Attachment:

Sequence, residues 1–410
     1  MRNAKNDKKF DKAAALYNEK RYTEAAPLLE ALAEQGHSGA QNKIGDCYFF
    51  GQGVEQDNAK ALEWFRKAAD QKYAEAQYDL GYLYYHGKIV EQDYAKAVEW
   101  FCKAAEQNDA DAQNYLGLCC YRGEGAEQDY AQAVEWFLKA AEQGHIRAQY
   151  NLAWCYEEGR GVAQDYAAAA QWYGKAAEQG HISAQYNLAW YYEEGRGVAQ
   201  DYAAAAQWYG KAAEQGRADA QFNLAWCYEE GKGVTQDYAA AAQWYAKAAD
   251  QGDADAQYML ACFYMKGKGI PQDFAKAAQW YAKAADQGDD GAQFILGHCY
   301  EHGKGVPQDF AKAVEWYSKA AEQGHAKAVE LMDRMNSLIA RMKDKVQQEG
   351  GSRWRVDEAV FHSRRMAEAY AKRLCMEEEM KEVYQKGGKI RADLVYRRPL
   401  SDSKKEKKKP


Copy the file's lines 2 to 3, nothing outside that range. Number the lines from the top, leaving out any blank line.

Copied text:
     1  MRNAKNDKKF DKAAALYNEK RYTEAAPLLE ALAEQGHSGA QNKIGDCYFF
    51  GQGVEQDNAK ALEWFRKAAD QKYAEAQYDL GYLYYHGKIV EQDYAKAVEW